]. These results supported the previous findings reported by Zaghari et al. [13
] testing different levels of vitamin E dietary supplementation in Ross-308 breeders between 62 and 72 week of age.
Vitamin A has a beneficial effect on the integrity of epithelia of the male and female reproductive tract, and it integrates an important signaling pathway in gametogenesis [35
]. Further, vitamin E plays a major role in protecting the cell against oxidative damage [33
], and therefore it is essential for male and female fertility. When associated, despite their different roles, vitamins A and E may act together to promote fertility in broiler breeders. Conversely to a previous study showing that dietary supplementation of laying hens with levels of vitamin A above the National Research Council [36
] recommendations had no effect on egg production [37
], our study showed that it was possible to maintain or improve the egg production of hens under standard rearing conditions. Moreover, Yuan et al. [23
] failed to find any beneficial effect in using high levels of vitamin A in diet on the reproductive performance of broiler breeder hens. However, it is worth remembering that the mentioned previous studies used longer periods of supplementation covering the entire laying period, whilst in the current study were used hens at the end of the production phase.
Insufficient levels of vitamin A are often accompanied by increased atresia [39
] and the ovulation of degenerated eggs, and also with an abnormal development of the embryo [40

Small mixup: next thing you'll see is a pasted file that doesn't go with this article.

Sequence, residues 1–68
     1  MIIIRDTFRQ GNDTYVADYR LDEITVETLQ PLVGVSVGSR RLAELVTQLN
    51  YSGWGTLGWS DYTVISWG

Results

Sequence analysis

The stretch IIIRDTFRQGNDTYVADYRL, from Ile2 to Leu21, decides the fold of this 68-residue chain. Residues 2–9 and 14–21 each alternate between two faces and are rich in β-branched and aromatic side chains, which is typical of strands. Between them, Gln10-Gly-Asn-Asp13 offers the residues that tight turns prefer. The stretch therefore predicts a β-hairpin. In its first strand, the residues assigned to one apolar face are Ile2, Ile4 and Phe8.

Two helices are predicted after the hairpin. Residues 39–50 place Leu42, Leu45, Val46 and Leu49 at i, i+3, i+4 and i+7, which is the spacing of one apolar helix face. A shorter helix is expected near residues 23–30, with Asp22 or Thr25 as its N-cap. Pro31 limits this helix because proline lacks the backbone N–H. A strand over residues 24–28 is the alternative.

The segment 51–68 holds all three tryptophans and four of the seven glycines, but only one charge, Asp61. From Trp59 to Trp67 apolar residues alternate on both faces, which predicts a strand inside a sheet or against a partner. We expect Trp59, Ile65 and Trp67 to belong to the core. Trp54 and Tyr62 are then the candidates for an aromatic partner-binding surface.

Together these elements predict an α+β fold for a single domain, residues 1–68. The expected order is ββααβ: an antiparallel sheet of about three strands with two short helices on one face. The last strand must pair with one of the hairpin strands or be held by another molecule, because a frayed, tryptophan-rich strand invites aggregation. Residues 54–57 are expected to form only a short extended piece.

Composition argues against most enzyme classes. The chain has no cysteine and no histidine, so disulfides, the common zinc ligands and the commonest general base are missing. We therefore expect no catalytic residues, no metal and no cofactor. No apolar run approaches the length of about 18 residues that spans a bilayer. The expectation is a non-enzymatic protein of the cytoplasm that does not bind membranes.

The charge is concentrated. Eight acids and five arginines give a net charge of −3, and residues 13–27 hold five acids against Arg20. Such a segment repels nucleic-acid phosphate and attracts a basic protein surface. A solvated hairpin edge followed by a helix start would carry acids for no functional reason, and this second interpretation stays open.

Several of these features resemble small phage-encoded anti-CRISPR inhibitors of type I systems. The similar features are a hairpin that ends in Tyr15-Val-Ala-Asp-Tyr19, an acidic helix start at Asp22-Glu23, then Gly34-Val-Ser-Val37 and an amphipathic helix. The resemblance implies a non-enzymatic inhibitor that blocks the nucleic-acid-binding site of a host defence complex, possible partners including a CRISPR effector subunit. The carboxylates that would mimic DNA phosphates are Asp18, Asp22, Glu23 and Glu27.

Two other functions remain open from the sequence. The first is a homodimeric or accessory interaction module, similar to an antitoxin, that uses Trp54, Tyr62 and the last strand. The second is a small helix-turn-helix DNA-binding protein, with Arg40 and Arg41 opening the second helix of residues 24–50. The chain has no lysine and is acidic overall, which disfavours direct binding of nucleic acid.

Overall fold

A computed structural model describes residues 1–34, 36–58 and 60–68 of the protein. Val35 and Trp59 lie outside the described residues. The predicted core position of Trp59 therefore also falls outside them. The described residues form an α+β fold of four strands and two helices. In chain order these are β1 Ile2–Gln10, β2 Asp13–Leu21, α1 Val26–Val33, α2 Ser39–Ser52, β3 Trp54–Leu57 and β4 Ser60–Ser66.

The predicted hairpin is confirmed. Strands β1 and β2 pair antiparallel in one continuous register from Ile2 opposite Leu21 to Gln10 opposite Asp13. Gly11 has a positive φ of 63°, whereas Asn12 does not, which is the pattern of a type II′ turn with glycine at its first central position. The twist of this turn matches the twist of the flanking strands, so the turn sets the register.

]. On the other hand, excessive vitamin A intake leads to a decrease in egg production and egg, as well as in an increase of congenital abnormalities in embryos [23
], and under-supply of vitamin E supplementation is related to a decrease of fertile eggs and egg hatchability. In the present study, the average egg weight remained relatively unchanged through the experiment. Conversely, Iqbal et al. [41
] showed in Cobb broiler breeders, that large eggs present lower rate of egg mass loss at different incubation time, even though an acceptable hatchability of fertile eggs, and a slightly increase in the number of culled chicks, which could be negatively affected by the age effect in breeders older than 60 weeks.
In the case of imbalance of vitamins A or E, the study of the productive traits per se may not allow to distinguish between an excess or insufficiency supplementation. Nevertheless, imbalance in vitamins A and E was not found in the current study for most of groups, even though the tested combinations were not equally successful on the hens productivity or fertility. The exception was the group fed basal-diet plus 150% of vitamin A and 300% of vitamin E, which showed the worst laying results.
The more notorious differences between groups were observed in chick-related parameters, in particular for the number of chicks produced. Only in birds fed basal-diet plus 150% of vitamin A and 200% of vitamin E an increase of 2 units in number of birds/hen was observed. This reflected on the total and average chick weight, which showed similar variations among groups. This is in contrast with the results reported by Hossain et al. [16
], who found no influence of different levels of vitamin E supplementation on chick weight and yield in laying breeders. Additionally, the final chick yield was affected by treatment. An optimum chick yield (67–69%) was obtained for most of groups, but it was low (below 62%) for chicks in groups 3, 11 and 14, which may interfere with chick transfer to a farm and its survival. Considering that the hatching conditions were identical for all groups, the differences should be related to the combination of vitamins A and E. When comparing the different levels of vitamin A supplementation, birds supplemented with 150% above the recommended levels showed lower chick yield, while no difference was found for vitamin E supplementation, the latter agreeing with previous reports by Hossain et al. [16
] and Urso et al. [26